EXCLUSIVE: Shelby Oaks has become the most-funded horror film project on Kickstarter just a few weeks into its campaign.
The found-footage feature, written and to be directed by YouTube film critic/filmmaker Chris Stuckmann, is based on a recent Internet mystery about a group of missing paranormal investigators.
The project has raced to $650,000 from 6,700 backers on the crowdfunding platform after starting its online campaign three weeks ago.
The film will chart the story of the fictional mid-2000s U.S. investigative team called The Paranormal Paranoids. Multiple found-footage videos surfaced online last year that prompted horror and ARG (alternate-reality game) fans to speculate about the veracity of the case and the whereabouts of the investigators. One video appeared to show the abduction of one of the group, known as Riley.
Aaron B. Koontz of Austin-based Paper Street Pictures is producing the film, which will be combination of documentary, found footage and traditional film footage styles. Influences include Lake Mungo, The Blair Witch Project and tales of obsession such as Zodiac.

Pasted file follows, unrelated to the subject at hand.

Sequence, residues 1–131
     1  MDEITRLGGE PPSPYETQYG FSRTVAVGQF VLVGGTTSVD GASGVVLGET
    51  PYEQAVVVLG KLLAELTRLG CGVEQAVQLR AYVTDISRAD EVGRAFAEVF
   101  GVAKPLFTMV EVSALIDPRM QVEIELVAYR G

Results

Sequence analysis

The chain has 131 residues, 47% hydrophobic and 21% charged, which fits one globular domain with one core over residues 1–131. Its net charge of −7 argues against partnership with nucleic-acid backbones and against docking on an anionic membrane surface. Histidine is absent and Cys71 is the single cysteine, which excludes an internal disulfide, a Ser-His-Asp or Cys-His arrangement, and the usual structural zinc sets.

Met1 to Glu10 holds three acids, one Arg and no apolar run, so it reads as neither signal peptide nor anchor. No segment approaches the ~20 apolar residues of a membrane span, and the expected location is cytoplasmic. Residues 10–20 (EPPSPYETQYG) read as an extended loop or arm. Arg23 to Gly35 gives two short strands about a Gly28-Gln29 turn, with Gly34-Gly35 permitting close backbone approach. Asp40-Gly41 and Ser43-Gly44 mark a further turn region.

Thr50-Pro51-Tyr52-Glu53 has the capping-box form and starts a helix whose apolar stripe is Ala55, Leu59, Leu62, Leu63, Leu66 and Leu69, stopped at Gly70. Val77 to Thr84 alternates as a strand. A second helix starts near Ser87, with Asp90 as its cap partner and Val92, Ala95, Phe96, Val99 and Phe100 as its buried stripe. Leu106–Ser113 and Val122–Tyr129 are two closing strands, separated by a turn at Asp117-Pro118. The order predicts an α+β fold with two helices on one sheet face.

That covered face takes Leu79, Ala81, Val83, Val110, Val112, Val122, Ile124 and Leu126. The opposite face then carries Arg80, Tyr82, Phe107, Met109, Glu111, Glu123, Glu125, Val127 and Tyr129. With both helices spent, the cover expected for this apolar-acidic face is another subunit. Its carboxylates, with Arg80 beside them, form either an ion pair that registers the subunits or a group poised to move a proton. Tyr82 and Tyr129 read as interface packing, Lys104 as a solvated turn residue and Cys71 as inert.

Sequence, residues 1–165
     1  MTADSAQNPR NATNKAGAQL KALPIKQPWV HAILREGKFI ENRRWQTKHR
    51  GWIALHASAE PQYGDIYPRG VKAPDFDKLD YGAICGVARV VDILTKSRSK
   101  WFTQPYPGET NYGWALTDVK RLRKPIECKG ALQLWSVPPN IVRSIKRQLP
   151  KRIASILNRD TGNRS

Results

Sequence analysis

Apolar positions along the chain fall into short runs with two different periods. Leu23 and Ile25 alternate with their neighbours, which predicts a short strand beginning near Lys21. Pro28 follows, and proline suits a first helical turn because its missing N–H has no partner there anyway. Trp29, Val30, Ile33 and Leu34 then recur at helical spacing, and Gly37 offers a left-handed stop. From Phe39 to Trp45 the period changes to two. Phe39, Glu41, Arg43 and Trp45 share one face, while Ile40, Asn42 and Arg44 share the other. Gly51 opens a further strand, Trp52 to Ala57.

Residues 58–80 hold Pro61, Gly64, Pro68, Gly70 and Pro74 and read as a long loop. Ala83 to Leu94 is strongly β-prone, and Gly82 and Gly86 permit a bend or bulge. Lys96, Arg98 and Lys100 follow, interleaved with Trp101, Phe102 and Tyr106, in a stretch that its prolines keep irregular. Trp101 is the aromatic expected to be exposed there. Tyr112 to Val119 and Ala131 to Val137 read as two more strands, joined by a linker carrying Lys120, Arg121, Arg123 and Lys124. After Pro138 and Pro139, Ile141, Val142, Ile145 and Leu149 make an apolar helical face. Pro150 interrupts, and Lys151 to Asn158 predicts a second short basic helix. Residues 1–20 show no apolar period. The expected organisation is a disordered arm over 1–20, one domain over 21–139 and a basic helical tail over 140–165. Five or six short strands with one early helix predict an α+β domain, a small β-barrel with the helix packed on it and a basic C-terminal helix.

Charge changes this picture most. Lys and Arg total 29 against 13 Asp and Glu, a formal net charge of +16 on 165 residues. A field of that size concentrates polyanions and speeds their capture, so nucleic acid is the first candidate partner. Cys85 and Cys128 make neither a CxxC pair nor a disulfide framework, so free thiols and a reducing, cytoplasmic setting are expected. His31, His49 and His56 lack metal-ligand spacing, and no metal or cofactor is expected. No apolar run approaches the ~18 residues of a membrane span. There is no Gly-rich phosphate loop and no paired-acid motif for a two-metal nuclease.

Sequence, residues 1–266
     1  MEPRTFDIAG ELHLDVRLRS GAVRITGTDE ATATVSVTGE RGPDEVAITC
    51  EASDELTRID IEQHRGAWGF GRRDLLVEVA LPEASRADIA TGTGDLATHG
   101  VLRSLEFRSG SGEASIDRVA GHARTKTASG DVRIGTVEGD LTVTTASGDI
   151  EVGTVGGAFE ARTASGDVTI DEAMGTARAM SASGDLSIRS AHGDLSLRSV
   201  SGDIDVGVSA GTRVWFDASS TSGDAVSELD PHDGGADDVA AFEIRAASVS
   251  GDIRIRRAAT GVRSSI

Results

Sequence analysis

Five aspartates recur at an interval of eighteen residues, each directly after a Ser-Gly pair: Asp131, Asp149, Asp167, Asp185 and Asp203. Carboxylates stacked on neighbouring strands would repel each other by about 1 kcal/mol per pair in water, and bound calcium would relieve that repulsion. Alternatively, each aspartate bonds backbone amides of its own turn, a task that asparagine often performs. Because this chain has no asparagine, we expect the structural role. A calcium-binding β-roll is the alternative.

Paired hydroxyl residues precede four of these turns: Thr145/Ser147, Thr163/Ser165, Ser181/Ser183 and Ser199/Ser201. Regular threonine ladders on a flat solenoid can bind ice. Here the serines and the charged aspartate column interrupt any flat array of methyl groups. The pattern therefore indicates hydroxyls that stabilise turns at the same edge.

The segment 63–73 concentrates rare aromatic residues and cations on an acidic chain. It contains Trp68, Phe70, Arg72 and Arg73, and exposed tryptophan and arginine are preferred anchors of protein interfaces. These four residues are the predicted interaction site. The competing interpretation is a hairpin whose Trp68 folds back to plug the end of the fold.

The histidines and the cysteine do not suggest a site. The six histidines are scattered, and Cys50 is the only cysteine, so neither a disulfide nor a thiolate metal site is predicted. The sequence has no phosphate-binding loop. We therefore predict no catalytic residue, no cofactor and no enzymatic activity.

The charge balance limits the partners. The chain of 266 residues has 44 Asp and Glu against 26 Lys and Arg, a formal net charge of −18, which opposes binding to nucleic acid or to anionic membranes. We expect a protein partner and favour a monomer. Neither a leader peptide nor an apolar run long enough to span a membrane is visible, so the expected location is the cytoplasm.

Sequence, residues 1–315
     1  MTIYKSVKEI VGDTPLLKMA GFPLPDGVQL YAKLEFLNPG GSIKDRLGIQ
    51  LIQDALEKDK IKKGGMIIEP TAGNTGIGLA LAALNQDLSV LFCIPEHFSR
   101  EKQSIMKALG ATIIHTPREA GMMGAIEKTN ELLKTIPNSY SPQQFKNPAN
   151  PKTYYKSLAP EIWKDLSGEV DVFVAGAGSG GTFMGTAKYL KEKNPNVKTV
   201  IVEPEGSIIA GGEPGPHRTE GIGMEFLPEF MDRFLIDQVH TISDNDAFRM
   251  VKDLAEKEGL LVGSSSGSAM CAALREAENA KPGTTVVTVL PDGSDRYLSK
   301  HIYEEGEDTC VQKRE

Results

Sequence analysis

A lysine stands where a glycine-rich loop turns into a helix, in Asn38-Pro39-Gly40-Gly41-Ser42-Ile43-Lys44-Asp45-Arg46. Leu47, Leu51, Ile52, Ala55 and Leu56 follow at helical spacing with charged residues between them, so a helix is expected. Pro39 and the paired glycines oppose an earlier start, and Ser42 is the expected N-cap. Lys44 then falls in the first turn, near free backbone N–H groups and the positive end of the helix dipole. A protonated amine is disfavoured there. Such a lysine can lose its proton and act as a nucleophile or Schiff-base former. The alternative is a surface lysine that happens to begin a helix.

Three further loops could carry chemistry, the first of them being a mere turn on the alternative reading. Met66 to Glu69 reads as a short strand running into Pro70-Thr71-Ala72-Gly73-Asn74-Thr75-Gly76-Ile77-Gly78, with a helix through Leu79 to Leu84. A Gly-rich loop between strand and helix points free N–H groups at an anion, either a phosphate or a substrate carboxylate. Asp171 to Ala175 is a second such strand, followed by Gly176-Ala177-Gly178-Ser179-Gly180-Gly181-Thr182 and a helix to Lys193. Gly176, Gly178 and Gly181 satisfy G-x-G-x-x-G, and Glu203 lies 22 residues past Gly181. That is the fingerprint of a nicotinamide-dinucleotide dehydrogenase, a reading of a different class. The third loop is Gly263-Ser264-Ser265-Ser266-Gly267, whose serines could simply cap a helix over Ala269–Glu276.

The pic is due to begin production in May in Cleveland. Producers Cameron Burns and Ashleigh Snead join Koontz, whose credits include Scare Package and The Pale Door.
AMP International is handling world sales and launched the project in the market last summer. Critic and shorts filmmaker Stuckmann, who has 2 million YouTube subscribers, signed with Gotham Group last year and has multiple horror scripts in the works.
“Every dollar we are raising is going onto the screen,” said Koontz. “This is an ambitious script and day by day our scope and opportunities to help realize Chris’ vision become more and more tangible all because of this campaign. We knew we had something special, but this outpour of support has been absolutely humbling and so amazing to see.”
Added Koontz, who plans to interact with and involve those who have pledged money to the project: “I’m really excited to pull the curtain back and show the ups and downs of how an indie film really gets made. This isn’t a raise funds and then we leave everyone behind to go make it. We want to create a community that can come along with us on the journey.”
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